You’re not the big boss. You’re not even middle management. So developing some serious leadership skills isn’t exactly on today’s to-do list — but that’s a big mistake. “We can all be leaders, no matter what our official title is,” says executive coach Karen Elizaga, author of Find Your Sweet Spot. “Groups, irrespective of level within a company, need people to move projects along, take ownership and solve problems. And importantly, from a career trajectory standpoint, when you exhibit leadership skills, you become a prime candidate to actually be that leader. You show people that you’re ready and willing to move up to the front of the line.”
If you’ve changed your mind and you’re ready to lead the work troops by example, here’s how, according to our career experts.
1. Trust your coworkers.
As career coach Hallie Crawford points out, “a successful leader—or employee—has to trust other people to get their part of the job done.” That’s because, in part, “doing everything yourself doesn’t promote creativity and doesn’t empower others to learn new things—and it actually increases stress,” she says. Who knew? So, let coworkers do their thing, Crawford suggests, and “only check in on a task when absolutely necessary or before passing it along to a client to ensure it’s correct. Don’t hover.”
2. Clearly and concisely express yourself.
Just because you’re not in a workplace leadership role doesn’t mean you should sit silently through meetings. “Some think that it’s enough to produce an excellent work product,” says Elizaga. But it’s not. “The ability to advocate your position or opinion puts you in the spotlight,” she says. That’s because expressing yourself to your peers and employer “illustrates your ability to process challenges, problem solve, and create meaningful resolutions to move forward. If you keep these thoughts to yourself, no one will ever know.” And you may just miss out on a chance to move up.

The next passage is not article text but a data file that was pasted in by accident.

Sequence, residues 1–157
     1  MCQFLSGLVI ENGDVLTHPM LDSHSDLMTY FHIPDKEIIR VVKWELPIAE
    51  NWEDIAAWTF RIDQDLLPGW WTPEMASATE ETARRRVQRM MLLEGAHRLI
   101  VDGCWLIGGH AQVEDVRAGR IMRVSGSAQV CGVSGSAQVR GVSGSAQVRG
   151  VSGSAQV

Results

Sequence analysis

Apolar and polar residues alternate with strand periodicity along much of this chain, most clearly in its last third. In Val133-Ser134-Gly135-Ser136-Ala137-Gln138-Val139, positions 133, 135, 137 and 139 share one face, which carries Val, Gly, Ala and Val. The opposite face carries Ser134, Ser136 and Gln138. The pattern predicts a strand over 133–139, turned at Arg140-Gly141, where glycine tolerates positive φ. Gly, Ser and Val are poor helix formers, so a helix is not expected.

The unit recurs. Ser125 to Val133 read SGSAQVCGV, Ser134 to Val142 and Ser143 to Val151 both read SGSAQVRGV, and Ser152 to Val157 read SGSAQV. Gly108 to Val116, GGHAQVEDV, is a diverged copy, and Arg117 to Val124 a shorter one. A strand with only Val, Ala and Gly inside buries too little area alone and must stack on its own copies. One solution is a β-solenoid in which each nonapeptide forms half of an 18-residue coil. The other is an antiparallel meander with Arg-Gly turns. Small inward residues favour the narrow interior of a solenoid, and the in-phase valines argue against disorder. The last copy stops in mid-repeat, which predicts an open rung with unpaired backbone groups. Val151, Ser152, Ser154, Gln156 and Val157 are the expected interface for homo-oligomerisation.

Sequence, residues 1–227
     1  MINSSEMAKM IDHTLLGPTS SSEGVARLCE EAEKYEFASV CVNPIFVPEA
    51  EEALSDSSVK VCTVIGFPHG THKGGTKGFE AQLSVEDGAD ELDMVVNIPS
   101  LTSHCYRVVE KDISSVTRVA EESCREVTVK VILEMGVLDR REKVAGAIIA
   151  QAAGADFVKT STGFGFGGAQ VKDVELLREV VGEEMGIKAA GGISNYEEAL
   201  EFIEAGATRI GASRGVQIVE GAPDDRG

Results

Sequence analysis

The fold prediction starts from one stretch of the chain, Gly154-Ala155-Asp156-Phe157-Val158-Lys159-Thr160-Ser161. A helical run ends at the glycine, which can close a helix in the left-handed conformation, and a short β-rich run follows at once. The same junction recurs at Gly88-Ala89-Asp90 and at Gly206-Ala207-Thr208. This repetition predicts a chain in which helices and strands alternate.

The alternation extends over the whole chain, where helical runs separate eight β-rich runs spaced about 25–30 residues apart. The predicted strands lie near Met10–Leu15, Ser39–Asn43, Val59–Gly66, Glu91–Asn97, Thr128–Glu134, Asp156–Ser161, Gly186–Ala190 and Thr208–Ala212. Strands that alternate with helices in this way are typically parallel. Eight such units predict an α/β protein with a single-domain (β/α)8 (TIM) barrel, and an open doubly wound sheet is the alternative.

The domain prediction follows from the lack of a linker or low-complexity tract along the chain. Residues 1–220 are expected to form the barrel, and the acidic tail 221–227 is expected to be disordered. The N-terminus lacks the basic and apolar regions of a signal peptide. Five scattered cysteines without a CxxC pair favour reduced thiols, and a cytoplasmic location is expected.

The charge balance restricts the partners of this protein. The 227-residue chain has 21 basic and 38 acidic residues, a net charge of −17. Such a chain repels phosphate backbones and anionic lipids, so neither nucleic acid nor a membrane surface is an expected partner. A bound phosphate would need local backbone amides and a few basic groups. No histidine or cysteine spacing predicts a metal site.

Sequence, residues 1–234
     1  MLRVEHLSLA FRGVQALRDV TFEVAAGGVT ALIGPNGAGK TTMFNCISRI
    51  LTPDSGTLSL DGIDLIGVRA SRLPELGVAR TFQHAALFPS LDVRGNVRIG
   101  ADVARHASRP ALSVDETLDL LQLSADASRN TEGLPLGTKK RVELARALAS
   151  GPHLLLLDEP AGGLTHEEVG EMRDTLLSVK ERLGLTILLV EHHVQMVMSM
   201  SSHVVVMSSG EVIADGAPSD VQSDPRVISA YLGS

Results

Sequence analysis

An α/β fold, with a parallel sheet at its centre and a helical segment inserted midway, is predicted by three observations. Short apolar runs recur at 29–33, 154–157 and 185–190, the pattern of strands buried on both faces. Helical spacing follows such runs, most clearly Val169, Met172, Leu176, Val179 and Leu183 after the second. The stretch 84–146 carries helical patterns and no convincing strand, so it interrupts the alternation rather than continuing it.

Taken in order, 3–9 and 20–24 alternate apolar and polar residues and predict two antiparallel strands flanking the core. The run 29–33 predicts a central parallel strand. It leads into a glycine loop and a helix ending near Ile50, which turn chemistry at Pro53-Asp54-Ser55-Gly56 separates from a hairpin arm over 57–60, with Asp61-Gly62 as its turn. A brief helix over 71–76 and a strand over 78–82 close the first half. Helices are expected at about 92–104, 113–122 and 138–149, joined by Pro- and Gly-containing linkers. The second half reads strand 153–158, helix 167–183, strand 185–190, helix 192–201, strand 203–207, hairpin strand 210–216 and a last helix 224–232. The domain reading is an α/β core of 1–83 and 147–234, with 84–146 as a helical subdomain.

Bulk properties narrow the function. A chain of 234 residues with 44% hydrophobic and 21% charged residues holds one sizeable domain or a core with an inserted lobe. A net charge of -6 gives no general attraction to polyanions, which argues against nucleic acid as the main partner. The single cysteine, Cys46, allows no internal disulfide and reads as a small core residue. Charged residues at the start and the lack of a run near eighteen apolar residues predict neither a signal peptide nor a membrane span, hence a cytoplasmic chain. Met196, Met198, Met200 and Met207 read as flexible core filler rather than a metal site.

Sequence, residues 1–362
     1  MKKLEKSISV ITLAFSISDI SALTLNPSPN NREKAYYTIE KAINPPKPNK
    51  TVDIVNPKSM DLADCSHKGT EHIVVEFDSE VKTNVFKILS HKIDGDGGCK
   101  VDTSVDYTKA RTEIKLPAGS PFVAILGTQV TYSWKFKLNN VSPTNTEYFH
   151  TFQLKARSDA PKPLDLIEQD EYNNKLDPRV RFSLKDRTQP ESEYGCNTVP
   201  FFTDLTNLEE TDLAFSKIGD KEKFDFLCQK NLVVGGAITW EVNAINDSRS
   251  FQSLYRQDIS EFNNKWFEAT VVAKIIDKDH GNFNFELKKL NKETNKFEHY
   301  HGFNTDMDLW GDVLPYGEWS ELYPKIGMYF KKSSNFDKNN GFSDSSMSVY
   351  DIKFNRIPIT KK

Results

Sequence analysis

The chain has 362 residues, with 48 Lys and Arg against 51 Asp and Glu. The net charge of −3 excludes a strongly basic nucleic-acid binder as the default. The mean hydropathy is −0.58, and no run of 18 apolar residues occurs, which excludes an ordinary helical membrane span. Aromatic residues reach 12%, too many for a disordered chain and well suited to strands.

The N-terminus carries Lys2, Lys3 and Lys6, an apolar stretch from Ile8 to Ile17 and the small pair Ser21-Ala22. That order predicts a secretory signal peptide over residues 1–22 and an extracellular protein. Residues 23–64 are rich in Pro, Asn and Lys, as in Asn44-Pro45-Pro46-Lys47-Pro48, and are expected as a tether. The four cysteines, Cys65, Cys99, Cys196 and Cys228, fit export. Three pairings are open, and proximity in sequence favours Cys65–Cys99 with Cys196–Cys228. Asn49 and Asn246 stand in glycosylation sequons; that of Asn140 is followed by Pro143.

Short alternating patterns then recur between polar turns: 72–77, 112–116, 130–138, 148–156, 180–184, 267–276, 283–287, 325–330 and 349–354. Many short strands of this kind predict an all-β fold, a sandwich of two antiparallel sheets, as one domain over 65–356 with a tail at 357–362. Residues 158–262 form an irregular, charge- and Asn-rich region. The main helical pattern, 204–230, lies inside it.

3. Mentor others.
You probably have a mentor. (If not, get one—now!) But even if you’re still learning, you can be an asset to others in your field. “In any position, be available to help your fellow coworkers by providing feedback,” says Crawford. How? Here’s an easy way: Ask yourself if there’s something you excel at. “If so, don’t keep the knowledge to yourself,” Crawford says. “Be willing to share what you know with your coworkers.” Your team—and very likely, your boss—will appreciate your communal know-how.
4. Take constructive feedback.
Calmly listening to what you’ve done wrong or how you can improve probably may make you feel like more of a misfit than a leader. But learning to take constructive criticism well is actually a crucial leadership skill every employee should master, Elizaga says. “No one is perfect, and we can all benefit from someone’s perspective on our performance so that we can continue to strive for excellence,” she says. “And making a tangible change after receiving—sometimes tough—feedback shows your boss and colleagues that you can listen, your ego is not too big to take into account other opinions, and you can bend and flow for the benefit of the organization.”
5. Dress your best.
It may be perfectly acceptable to show up to your office in jeans. (Many an industry is going the uber-casual these days.) But even if you can get away with wearing a T-shirt and shorts to work, resist the urge to be comfortable and instead, dress like a boss, says Crawford. It may be a good way to get yourself noticed by the higher-ups, but this is also a move you should make for yourself. “Dressing your best—someone who cares about the image they project—will not only help you feel more confident but also will help you build your brand as a professional,” Crawford says.
6. Keep your emotions in check.
Let’s be honest: It can be tough to keep our cool at work. “Sometimes emotions flare, conversations get heated—and as a result, productivity falls off a cliff,” says Elizaga. But, if you can keep calm and carry on with work, rather than give in to an outburst, “your ability to stay rational and reasonable even in the face of others’ emotional issues will show others that you can consistently remain cool-headed and forward-focused,” she says. “Moreover, when you can remain calm and encourage others to do the same, you lead the way to continued productivity.” And then everyone wins.